US calls for sanctions against Iran

The US calls for "punitive" measures against Iran after it gave a ambiguous response on freezing its nuclear programme.
Despite pressure from six world powers, Iranian President Mahmoud Ahmadinejad has said as recently as August 3 that Iran will pursue its nuclear programme.
Despite pressure from six world powers, Iranian President Mahmoud Ahmadinejad has said as recently as August 3 that Iran will pursue its nuclear programme.

The United States today called for "punitive" measures against Iran over its response to the international offer to persuade it to freeze its nuclear programme. The threat came ahead of new talks between the United States, Britain, China, France, Germany and Russia on the latest Iranian letter to the powers on its controversial nuclear programme. The US and its allies were to press for new UN Security Council sanctions, according to US media reports. But Russia and China could resist the move, diplomats said.

"In the absence to a positive response to the generous offer that we provided for our incentives package, we think that the allies will have no choice but to take further measures that would be punitive, given that we don't have a decent and responsive statement from the Iranians," said White House spokesman Dana Perino. "I think that the Iranians have long stalled on responding to the allies, so I think the most important thing we can do is let the political directors have their conference call and decide on their next step," Ms Perino said, speaking on a jet taking President George W Bush on an Asian tour.

The French foreign ministry also said Iran had not given the "response that was hoped for" in a letter which demanded more details on the international offer. The UN Security Council has already ordered three rounds of sanctions against Iran. The US says Iran is a weapons proliferation threat, while Iran insists that its nuclear research is for peaceful purposes. However a European diplomatic source warned that it was "important not to break the chain of the negotiations, or we will face a difficult dynamic not only with Iran".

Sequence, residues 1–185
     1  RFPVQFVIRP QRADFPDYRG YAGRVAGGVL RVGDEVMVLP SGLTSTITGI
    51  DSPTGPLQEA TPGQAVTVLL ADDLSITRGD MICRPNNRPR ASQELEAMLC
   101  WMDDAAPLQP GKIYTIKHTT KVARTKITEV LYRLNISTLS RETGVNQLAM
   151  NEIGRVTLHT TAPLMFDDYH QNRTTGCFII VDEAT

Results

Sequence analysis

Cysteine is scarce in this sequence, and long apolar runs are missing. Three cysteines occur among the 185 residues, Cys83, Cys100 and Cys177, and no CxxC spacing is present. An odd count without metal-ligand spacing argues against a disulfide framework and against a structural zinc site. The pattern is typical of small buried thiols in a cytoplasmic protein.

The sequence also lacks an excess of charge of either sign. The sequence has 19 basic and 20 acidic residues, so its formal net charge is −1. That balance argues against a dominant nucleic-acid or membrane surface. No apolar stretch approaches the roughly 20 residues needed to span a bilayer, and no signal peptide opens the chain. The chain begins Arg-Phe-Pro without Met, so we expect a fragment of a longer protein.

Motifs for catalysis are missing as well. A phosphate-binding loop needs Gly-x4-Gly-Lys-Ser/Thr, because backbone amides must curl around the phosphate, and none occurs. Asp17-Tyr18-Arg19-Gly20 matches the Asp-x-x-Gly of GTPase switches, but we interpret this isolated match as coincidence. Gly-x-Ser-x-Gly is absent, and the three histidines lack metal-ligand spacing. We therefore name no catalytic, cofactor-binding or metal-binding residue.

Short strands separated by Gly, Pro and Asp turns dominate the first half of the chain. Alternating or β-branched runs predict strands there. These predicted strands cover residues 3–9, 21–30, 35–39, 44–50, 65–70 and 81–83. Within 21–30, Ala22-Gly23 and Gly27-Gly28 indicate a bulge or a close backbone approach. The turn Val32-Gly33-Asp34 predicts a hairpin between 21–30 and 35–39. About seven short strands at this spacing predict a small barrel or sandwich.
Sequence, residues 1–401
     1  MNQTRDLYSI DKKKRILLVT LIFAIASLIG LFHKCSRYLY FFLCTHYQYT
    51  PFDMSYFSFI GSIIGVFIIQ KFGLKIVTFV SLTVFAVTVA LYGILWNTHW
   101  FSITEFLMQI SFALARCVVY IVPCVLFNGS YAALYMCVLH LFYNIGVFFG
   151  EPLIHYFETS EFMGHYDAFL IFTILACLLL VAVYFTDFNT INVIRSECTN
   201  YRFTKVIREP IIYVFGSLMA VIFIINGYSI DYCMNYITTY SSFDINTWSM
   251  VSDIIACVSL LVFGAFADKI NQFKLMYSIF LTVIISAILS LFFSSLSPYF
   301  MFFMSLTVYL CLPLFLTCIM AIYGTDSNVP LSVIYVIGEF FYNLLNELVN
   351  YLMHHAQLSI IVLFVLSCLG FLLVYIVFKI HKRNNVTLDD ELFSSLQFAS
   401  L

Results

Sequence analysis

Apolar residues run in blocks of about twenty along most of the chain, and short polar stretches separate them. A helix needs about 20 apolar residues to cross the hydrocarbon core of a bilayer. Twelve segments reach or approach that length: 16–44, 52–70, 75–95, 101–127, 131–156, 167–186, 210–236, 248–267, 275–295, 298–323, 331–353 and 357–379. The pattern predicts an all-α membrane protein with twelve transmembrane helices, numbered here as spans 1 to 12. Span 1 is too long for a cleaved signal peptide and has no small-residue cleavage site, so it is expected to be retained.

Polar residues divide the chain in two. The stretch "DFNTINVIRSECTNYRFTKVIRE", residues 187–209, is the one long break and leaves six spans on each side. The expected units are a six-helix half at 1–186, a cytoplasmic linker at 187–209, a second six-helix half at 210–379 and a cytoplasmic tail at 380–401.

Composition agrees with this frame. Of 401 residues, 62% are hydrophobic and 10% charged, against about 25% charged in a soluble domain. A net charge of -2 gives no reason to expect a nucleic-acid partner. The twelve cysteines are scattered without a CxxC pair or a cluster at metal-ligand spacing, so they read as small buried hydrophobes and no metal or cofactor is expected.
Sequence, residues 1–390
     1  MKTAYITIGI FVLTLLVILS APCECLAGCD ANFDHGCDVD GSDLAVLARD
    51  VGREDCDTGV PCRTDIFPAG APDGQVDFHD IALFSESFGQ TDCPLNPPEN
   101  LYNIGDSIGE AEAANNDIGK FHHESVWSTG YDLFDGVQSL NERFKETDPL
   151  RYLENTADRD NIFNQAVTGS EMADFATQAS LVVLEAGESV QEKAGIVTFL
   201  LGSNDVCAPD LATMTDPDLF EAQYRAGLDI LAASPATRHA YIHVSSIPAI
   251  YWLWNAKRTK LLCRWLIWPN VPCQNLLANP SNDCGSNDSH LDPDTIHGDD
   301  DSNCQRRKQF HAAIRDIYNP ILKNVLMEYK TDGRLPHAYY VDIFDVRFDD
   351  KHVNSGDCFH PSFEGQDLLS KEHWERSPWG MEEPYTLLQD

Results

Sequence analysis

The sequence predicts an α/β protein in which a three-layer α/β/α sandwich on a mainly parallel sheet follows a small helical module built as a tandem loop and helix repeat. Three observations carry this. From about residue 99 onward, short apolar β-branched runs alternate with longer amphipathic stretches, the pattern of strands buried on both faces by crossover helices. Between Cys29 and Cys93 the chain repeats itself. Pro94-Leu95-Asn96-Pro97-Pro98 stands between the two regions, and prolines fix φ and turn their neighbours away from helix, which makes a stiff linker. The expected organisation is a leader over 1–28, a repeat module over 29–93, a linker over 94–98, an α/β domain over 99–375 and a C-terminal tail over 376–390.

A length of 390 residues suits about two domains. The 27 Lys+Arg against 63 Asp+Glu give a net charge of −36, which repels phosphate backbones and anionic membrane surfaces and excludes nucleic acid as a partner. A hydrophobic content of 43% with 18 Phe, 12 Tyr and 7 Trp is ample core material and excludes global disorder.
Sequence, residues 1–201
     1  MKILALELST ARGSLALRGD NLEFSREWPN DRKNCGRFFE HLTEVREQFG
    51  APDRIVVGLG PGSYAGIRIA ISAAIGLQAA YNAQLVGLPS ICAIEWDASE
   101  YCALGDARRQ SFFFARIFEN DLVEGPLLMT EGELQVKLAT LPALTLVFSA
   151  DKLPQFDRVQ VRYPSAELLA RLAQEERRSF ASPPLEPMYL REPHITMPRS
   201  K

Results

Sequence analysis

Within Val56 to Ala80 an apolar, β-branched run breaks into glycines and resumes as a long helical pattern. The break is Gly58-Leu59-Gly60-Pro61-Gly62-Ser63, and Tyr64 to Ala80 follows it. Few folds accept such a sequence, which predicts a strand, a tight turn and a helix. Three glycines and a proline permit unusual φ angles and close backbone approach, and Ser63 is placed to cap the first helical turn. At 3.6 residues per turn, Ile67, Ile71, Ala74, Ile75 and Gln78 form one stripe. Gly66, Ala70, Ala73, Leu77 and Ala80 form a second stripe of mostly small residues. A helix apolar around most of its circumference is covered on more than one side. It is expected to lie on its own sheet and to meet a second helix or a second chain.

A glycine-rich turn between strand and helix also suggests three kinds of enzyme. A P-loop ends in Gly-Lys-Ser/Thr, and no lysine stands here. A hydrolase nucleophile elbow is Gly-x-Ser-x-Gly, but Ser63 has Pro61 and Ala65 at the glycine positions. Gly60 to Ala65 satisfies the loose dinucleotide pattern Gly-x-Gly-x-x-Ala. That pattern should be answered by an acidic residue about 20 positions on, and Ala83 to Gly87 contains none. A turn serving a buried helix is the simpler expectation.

An acceptable step would be to send a double message of possible further sanctions but also of reconciliation, the source said. "We can't deny to the other party the right to pose questions if there are problems." "The message at the end of the telephone conference will probably be an agreement for an explanatory mission and at the same time a firm message with the threat of new sanctions". Iran's latest letter to the international powers, delivered yesterday, says only that "they are not prepared to move any further," said another European diplomatic source in Brussels ahead of the new talks which were to start at 11.15 GMT.

"The phone talks today will be to decide on a common response. There is the possibility of trying to send the matter back to the Security Council but there is always the problem of persuading China and Russia," the source added. Iran's latest letter said it was ready to give a "clear response" to the international offer but demanded a "'clear response' to our questions and ambiguities". In seeking new UN sanctions, Washington is assured the support of Britain and France, both of whom have used stronger language in dealing with Iran. The position of the other three is unclear. Russia and China, two of Iran's biggest trading partners, are usually reticent in adopting sanctions.

Along with the threat of further sanctions, Washington has warned that the option of military action against Iran remains open if Tehran sticks to its defiant line. Amid the continued tensions, Iran said on Monday it had successfully test-fired an anti-ship missile with a range of 300 kilometres that would allow it to close the Strait of Hormuz between Iran and Oman. And adding to signs of new diplomatic pressure, the International Atomic Energy Agency, the main UN nuclear watchdog, said its deputy director general, Olli Heinonen, would visit Tehran on Thursday for talks on the nuclear dispute.

A diplomat close to the Vienna-based agency, speaking on condition of anonymity, said Heinonen's visit was not directly connected to the letter and was likely to concentrate on clarifying outstanding questions the IAEA has about Tehran's disputed nuclear drive. * AFP

Published: August 6, 2008 04:00 AM


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